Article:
Very good advice!
  • ongejongej Posts: 118
    Thanks for the replies! And maryka, sorry for making you repeat yourself again, I realised after searching for "moving in a peloton" (as opposed to bunch), this exact question was asked a few years back.. need to search more extensively, but I'll try to keep those comments in mind. In fact, I tried to do that on Sat in cyclopark, but the whole race turned into chaos, so it was less moving up and more dodging crashes, surviving and staying in contact :)
  • jibberjimjibberjim Posts: 2,810
    One thing to remember as well is if it's going slow then you don't need to move up... and once the bunch has sped up there's a lot more space to.
    Jibbering Sports Stuff: http://jibbering.com/sports/
  • ozzzyosborn206ozzzyosborn206 Posts: 1,340
    jibberjim wrote:
    One thing to remember as well is if it's going slow then you don't need to move up... and once the bunch has sped up there's a lot more space to.


    bad advice IMO, if it is slow you can easily move up even if it means taking the wind on the outside of bunch then slot in when nearer the front, I generally find it easiest to slot in, in corners. If you don't move up when it is slow and end up at the back that is the last place you want to be when the hammer goes down and people start dropping wheels and leaving gaps that you then need to shut down.

    To move up in the bunch you have to be confident in your ability about riding close to others just keep looking for gaps in front of you and move up, most of the time you have to keep trying to find the gaps just to maintain position otherwise you will find yourself at the back again, if you see a gap, go to move in and it starts getting shut just tap them on the hip with your hand and 95% of people will move out again and give you the space you need to move up.
  • olake92olake92 Posts: 182
    maryka wrote:
    Watch riders who are good at it and emulate what they do...

    +1 Another way to do it is glue yourself to the wheel of someone experienced; you can learn a lot by following them for as much of the race as possible. You may also follow them into the race winning move.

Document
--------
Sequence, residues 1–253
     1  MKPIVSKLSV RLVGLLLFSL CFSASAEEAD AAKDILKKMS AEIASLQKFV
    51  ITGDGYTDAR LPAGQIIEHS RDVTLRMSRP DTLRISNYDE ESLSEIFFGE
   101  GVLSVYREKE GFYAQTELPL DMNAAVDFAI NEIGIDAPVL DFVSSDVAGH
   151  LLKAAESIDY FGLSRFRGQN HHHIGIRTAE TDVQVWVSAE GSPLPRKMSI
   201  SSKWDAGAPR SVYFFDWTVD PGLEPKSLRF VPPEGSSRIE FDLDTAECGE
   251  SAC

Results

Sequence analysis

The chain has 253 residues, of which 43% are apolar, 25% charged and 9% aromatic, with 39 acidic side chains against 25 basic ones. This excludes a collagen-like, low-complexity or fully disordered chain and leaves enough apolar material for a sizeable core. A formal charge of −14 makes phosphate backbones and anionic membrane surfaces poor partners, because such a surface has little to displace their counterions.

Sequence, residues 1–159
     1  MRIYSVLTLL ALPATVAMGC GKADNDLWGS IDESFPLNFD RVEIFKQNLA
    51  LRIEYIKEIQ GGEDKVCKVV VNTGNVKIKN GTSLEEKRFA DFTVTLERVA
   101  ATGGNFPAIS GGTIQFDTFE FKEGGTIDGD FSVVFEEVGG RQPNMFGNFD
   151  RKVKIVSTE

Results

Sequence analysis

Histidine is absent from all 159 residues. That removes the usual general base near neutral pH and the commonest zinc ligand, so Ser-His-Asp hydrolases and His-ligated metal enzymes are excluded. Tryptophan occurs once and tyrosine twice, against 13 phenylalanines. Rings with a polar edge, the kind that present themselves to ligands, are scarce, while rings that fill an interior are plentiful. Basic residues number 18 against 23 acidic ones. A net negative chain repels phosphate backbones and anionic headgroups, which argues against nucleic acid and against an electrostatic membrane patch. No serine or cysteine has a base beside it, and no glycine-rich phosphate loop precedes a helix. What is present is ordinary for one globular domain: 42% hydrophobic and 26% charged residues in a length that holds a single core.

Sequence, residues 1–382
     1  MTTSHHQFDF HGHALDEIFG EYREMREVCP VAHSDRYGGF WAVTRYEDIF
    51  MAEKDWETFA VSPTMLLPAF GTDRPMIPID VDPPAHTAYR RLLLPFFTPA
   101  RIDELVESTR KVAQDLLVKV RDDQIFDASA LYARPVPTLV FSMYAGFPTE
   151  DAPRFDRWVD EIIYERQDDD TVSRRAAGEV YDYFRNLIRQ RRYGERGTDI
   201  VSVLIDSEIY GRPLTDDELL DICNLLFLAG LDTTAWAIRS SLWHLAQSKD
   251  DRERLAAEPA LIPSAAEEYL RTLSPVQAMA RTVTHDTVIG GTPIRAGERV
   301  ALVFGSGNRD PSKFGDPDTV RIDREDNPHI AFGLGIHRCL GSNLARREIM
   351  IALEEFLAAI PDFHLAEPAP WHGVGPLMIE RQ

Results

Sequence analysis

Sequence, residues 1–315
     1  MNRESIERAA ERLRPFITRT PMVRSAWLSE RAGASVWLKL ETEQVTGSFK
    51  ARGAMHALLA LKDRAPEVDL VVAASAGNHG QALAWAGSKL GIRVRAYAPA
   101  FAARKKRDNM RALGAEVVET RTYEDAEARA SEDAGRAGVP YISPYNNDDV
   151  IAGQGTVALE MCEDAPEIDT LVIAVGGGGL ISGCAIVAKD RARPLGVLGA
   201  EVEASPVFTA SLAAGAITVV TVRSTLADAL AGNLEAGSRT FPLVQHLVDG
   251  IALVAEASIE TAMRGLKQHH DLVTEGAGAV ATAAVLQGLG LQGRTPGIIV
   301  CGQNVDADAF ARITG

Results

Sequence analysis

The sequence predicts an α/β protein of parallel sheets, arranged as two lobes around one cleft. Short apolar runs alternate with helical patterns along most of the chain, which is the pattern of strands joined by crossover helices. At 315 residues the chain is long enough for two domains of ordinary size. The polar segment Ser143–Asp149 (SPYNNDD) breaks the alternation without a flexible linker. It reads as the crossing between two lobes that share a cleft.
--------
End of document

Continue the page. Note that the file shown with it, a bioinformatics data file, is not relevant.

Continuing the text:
maryka wrote:
    What you shouldn't do though... move up the side then frantically indicate with your hand that you want to be let in 3 wheels from the front. It's a race, not a clubrun, nobody is obligated to let you in, and especially not in front of their hard-earned spot in the line.

    You can usually manage to go up the outside, take a couple of guys on your wheel and as you slot in at the front (admittedly in the wind for a bit) they will filter past you, providing a nice draft. As maryka says, don't expect to be let in to the line.
    maryka wrote:
    And if it's a road race and there's an oncoming car, you will have to drop back or be killed if you try that move whilst riding on the wrong side of the dotted white line -- people don't appreciate idiots who sail up the side then want to push them out of the way so they can squeeze in before traffic passes.

    We don't appreciate it at all. There are rules - not overtaking on the wrong side of the road (especially over solid lines) into oncoming traffic is one of them. Without doubt, this is the MOST IMPORTANT rule in road racing. However, let's not make any false pretences; if a rider is hanging out on the other side of the road, with a car approaching towards them, let them in. Save their life.

    On a less macabre note, if you're not moving forward, you're usually moving backwards.
    I'm on Twitter! Follow @olake92 for updates on my racing, my team's performance and some generic tweets.
  • ongejongej Posts: 118
    I guess I also wanted to know how does one "slot in" into a line? The way I've seen it done is almost half-wheeling, that is, from the outside, ride close to the line (or very close), but with half your bike in front of the person you want to be eventually behind, and the other half in front of the person you want to move back to allow you to get in. Then, I see that sometimes, that will "force" a nice rider to move back a bit in which you can then carefully move in. Of course, the rider (myself included) can say no, stick like glue to the wheel in front, never open a gap, regardless of how close the outside rider gets, and leave him/her hanging on the side in the wind ...

    I have also read tips that if your handlebars are in front of another rider's beside you, you can control whether to force them back and take their place... not sure if thats true as I have never tried it conciously.
  • olake92olake92 Posts: 182